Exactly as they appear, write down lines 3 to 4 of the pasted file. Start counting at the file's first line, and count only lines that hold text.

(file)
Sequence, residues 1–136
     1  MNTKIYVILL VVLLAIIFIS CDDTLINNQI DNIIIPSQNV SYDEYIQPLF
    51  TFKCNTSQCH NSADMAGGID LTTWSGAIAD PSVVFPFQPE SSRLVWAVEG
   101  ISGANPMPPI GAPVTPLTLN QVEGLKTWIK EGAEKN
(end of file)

    51  TFKCNTSQCH NSADMAGGID LTTWSGAIAD PSVVFPFQPE SSRLVWAVEG
   101  ISGANPMPPI GAPVTPLTLN QVEGLKTWIK EGAEKN